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Do you have summer and winter specific routes?

dinyulldinyull Posts: 2,979
edited October 2014 in Road general
For the past few years my riding was always on fairly busy, but flat roads. Very 'urban' routes. At the beginning of this year I decided to venture out into the country (10 miles at least from my doorstep) and have been loving it, searching for more and more hills to include in my usual 60 mile weekend ride.

I set off on one of my usual routes on Sat, being careful as the roads were wet and covered in leaves. About 30 miles in and at the furthest point from home I was descending very carefully and to avoid the ford at the bottom of the hill went over a footbridge covered in leave and wiped out. Apart from having the stuffing knocked out of me and a few grazes I managed to get away with it but it got me thinking what would have happened if I had hit my head etc as it is a very quiet back road in the middle of nowhere.

I ride alone and although I have the option of 1 or 2 other people to go out with I very much prefer riding by myself and I'd like to keep it that way.

Do people's routes change over winter? My thinking is less hills therefore less descending and less country lanes, less leaves, mud,and cow muck etc?

Posts

  • TjgoodhewTjgoodhew Posts: 628
    To a degree yes -

    There are certain places near me that are prone to flooding however this is all year round so it isnt season specific.

    I will also avoid certain areas if its very windy such as open marshland or the seafront. But other than that i ride similar routes all year round
    Cannondale Caad8
    Canyon Aeroad 8.0

    http://www.strava.com/athletes/goodhewt
  • kajjalkajjal Posts: 3,380
    I just take it easier in winter and don't go out if its icy. The routes are usually similar but can be shorter due to being slower in winter.
  • me-109me-109 Posts: 1,528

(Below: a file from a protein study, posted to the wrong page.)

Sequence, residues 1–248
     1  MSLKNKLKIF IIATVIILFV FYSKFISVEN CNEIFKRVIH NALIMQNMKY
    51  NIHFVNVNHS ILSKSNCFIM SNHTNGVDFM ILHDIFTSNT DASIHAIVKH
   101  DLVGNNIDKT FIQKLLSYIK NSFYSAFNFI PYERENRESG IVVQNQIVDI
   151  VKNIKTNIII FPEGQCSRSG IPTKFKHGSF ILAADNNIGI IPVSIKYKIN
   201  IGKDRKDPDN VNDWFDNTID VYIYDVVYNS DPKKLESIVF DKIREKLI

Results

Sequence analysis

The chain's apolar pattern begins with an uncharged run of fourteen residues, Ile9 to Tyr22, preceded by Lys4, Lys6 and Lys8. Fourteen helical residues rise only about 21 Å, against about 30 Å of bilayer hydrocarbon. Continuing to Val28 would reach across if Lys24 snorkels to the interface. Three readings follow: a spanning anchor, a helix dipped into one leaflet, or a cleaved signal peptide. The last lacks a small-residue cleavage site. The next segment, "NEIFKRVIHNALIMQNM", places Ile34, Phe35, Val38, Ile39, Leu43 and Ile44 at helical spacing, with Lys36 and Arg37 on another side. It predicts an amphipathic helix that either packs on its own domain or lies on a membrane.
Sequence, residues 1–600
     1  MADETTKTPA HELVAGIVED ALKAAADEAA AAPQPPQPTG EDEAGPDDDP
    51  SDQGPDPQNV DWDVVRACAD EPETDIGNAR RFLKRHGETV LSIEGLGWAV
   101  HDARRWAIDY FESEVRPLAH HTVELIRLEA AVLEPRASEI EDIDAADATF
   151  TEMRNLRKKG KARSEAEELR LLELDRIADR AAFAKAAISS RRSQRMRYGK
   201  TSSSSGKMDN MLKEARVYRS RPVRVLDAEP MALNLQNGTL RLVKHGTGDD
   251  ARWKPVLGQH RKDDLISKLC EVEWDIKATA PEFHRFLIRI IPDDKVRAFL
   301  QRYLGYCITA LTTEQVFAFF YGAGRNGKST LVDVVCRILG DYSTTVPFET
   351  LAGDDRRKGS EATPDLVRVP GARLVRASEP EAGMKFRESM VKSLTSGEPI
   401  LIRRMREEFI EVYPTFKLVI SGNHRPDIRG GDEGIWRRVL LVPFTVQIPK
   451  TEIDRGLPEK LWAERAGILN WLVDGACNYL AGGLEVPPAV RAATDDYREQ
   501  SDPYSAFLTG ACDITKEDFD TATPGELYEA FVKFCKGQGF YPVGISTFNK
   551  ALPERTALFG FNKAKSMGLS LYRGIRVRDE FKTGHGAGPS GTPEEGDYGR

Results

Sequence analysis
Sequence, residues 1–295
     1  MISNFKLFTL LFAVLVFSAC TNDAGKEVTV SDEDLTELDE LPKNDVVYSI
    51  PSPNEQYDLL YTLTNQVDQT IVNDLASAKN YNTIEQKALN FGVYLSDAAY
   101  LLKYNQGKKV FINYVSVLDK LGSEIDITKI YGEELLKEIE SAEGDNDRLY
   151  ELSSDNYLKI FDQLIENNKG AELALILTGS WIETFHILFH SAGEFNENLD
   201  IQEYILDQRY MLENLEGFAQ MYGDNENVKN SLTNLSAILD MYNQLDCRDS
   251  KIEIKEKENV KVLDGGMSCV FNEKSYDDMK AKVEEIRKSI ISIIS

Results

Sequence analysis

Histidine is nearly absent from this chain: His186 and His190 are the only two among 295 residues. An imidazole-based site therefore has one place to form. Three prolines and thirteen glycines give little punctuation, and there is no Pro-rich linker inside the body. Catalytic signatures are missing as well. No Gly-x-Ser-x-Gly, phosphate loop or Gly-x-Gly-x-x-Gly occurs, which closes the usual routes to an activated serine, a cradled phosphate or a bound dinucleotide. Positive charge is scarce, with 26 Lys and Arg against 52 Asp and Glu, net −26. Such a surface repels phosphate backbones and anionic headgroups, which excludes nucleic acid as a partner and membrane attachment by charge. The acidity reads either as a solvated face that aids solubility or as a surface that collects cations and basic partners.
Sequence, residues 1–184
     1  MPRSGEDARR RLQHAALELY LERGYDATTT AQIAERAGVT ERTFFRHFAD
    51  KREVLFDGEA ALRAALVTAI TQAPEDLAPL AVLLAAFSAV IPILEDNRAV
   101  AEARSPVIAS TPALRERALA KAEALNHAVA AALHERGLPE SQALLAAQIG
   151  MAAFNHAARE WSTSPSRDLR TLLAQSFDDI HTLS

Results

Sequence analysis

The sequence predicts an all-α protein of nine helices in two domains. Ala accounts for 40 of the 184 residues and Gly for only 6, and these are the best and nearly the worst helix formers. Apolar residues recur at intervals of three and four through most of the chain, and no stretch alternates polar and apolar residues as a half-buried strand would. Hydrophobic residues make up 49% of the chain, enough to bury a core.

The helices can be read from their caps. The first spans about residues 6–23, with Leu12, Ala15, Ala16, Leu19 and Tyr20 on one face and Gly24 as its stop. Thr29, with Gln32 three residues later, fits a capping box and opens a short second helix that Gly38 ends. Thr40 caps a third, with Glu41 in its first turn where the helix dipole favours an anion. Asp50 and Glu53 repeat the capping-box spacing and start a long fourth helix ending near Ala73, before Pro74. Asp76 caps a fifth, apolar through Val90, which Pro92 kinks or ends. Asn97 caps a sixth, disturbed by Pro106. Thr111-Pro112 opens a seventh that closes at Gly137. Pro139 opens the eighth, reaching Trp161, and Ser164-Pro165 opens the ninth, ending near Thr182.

Yes. A few lanes I know don't clean up at all over winter, so are best avoided. Other than that, it's the longer routes over the Dales roads where either the distance makes it a potentially long cold day anyway, or the exposure in the event of a mechanical/'P-word' makes it not somewhere you want to face - particularly alone.
  • Yep. I try and stick to shorter, less hilly routes in the Winter. Just so if anything goes horribly wrong I'm not too far away from home and rescue!

    This Summer I've been doing a lot of longer rides and going further afield to get some good climbs in.

    I think the Winter is best for just taking it slow and not getting too carried away with distances. Either that or sacking it off altogether for the Turbo when you know that it's going to be a few degrees colder out in the sticks and an increased chance of ice.
  • PituophisPituophis Posts: 1,025
    Yes and no. :oops:
    I also mainly ride solo, so in winter, and in the evenings after work I do tend to stick to a more urban loop that covers around 25 miles, but doesn't ever get further than about 5 or so miles from home. I can very easily add 5 or 10 miles to this if the weather is mild or I am generally enjoying the run.
    I see this as more convenient to get home from if I have a disaster, as my back up service is almost none existent. :shock:

    In summer or milder weather at weekend I will venture further afield and more into the countryside for a longer ride, and take my chances.

    If its icy or really windy I generally just chicken out completely.
  • craigus89craigus89 Posts: 887
    Not at all. If it's wet and windy I might not go flat out on a decent but I will still go on the same routes in the dark and bad weather.

    Mechanical's suck whatever the circumstance, so I don't even think about that. Same goes for falling, if you fall and hurt yourself badly enough that you can't continue, you're in trouble wherevere you are.

    Don't let fear of falling or breaking down stop you from going where you want to. The tranquility of being in the middle of nowhere on a quiet road on a dark winter night, I find quite appealing.
  • floreriderflorerider Posts: 1,112
    Yes, but mostly due to going single speed for winter. Do a fair distance on the same roads closer to home though.
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